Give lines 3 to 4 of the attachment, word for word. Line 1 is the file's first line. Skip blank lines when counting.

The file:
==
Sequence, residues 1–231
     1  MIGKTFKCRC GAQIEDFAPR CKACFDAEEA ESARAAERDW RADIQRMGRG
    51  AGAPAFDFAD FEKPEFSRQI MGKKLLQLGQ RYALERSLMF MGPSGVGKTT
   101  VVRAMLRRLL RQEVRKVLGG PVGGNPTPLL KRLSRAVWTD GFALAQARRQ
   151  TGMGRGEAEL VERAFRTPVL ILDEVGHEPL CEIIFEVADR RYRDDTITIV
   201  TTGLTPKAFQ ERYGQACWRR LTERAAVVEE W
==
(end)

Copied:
    51  AGAPAFDFAD FEKPEFSRQI MGKKLLQLGQ RYALERSLMF MGPSGVGKTT
   101  VVRAMLRRLL RQEVRKVLGG PVGGNPTPLL KRLSRAVWTD GFALAQARRQ